Presumably, you talk to your customers all the time. However, your ongoing conversations with them are likely about your current offering(s) and their current challenges. For this project, however, you need a broader perspective. Some of the questions you will want to ask include:

  • "What has been your experience with the company to date?"

  • "How do we compare with the competition?"

  • "What are your biggest challenges going forward?"

  • "Do you see our products/services as potentially helping with those challenges?"

  • "What is the one area where we could improve our offering?"

In order to get fresh information, you should use someone who is not part of the everyday relationship to speak with your customers. It can be an outsider hired for this purpose or, at a minimum, someone from outside your company's customer service or account management departments.

Use internal information, carefully

Your company possesses internal information about market trends. Use both management reports and selected interviews. An example of helpful information would be the reasons given for lost sales. Customer service and sales people can also be good sources of anecdotal information. Some of the questions you might ask them include:

  • "What are the clients saying about the competition?"

  • "Are the clients using us in the same way all the time or has it changed?"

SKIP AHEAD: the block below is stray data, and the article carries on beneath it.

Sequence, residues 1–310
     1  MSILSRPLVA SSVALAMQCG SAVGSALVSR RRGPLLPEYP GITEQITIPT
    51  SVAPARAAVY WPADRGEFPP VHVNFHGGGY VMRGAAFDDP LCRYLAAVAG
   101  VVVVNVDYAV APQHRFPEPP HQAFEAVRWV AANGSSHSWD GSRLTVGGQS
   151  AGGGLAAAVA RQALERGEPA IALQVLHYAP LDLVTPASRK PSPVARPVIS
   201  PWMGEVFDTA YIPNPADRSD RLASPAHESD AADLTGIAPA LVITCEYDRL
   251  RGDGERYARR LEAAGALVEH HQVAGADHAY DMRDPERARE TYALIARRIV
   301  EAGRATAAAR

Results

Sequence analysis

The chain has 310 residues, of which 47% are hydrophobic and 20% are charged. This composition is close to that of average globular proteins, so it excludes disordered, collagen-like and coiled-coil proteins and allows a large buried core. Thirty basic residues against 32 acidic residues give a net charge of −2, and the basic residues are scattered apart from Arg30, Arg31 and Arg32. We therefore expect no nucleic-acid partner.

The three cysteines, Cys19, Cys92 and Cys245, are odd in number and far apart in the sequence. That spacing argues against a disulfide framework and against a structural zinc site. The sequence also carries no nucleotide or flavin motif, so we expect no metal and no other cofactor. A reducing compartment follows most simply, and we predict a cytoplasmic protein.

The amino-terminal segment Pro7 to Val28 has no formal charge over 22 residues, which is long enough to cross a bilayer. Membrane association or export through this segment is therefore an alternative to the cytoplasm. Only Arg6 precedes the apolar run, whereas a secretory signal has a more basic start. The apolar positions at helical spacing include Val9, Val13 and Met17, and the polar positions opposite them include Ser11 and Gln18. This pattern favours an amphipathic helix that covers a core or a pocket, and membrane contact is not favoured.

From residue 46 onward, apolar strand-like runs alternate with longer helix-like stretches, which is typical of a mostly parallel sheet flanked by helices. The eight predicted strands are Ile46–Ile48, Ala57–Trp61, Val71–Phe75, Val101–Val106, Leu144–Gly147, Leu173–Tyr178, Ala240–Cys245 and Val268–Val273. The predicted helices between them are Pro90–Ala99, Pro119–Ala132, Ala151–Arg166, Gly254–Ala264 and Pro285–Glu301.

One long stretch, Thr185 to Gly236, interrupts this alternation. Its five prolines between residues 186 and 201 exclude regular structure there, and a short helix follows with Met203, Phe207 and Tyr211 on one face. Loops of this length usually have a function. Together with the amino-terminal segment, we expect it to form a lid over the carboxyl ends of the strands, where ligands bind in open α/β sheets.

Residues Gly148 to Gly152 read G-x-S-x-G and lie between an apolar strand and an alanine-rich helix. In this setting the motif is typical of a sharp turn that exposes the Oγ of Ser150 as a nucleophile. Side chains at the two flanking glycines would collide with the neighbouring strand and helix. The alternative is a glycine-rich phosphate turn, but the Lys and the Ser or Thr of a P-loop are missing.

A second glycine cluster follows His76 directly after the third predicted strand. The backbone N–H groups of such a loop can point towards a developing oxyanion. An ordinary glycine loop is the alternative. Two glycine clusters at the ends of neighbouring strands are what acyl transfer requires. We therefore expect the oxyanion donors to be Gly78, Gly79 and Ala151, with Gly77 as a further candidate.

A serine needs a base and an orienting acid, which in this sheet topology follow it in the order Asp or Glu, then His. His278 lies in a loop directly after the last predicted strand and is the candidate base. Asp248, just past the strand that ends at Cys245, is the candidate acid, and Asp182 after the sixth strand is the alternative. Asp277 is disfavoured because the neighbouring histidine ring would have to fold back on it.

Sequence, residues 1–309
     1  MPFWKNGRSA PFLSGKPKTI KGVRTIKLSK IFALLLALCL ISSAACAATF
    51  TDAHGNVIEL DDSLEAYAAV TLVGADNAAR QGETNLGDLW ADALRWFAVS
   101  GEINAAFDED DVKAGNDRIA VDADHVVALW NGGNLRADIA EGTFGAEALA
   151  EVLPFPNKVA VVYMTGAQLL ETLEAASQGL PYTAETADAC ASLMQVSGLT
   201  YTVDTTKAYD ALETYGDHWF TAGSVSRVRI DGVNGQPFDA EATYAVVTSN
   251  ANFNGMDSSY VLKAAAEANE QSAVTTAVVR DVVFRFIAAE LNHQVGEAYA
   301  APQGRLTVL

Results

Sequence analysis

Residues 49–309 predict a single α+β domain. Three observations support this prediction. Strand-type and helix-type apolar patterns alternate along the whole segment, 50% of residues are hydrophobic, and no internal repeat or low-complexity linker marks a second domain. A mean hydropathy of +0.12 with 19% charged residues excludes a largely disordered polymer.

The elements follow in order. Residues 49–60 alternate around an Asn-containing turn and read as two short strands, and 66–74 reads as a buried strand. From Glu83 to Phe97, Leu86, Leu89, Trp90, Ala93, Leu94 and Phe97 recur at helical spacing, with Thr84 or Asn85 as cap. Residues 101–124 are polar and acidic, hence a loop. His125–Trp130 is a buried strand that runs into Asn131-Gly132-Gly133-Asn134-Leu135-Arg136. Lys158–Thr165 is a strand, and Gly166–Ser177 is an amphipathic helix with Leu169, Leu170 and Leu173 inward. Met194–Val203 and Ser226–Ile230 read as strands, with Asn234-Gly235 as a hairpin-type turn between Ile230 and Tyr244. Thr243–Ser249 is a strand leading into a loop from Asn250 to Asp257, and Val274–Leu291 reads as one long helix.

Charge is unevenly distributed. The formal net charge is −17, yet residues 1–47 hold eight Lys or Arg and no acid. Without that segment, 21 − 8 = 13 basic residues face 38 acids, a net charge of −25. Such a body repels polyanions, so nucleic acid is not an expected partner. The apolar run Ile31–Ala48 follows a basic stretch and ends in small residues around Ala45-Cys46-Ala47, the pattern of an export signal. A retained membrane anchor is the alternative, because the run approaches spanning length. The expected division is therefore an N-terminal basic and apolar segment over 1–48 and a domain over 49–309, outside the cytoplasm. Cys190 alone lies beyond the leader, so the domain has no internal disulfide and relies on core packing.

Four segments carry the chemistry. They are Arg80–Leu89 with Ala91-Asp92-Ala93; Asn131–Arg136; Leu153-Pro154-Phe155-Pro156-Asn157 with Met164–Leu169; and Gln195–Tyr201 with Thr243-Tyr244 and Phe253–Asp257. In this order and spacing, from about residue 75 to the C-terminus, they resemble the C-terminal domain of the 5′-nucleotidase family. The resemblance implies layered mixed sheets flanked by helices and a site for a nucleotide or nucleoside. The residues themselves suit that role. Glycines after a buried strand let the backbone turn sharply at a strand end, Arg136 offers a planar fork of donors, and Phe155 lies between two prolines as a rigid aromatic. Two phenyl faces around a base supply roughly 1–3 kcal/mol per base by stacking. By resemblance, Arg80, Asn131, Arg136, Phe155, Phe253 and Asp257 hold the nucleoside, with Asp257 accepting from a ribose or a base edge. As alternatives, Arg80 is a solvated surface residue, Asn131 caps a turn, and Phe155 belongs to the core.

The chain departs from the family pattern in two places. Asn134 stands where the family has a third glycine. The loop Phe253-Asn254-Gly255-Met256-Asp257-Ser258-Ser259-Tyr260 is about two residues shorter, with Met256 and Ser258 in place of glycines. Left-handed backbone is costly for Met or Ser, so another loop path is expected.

• "What are the biggest complaints today?"

You can get great information from your front-line people. Just remember that they probably share your organizational biases, so balance this data with information from the external sources discussed above.

Distill the information

To get value from the information you gather, you must share it with others in your organization. The point person can play an important role here, by preparing a written summary of the highlights with a set of the most critical current articles attached. If you are distributing this summary electronically, you can also highlight key passages in the articles to make them easy to scan.

Use the information

The discussions of your findings should include three steps.

First, have your group review the information and analysis in your briefing package. Try to develop a consensus about future opportunities and risks before moving on.

Second, have a discussion of the big picture, where you do some "dreaming." This is a look forward without limitations where you ask yourselves, "If anything were possible, where would we like to be as a company in three to five years?"

Third, move the discussion to a practical level and come up with reasonable goals and concrete steps to achieve them. Steps should include setting target dates and identifying a party responsible for making things happen.

Keep the information flowing

Once you have developed a process for generating, analyzing, and using market information, keep doing it! This work is a simple strategic planning process that you should incorporate into your current process or use to build a strategic planning capability within your company.


Mary Adams and Michael Oleksak, Principals of Trek Consulting LLC, help entrepreneurs develop innovative strategies for facing challenges of growth, change and succession. You can reach them at www.trekconsulting.com .

Many more articles in Strategic Planning, Competitive Strategy and Competitive Intelligence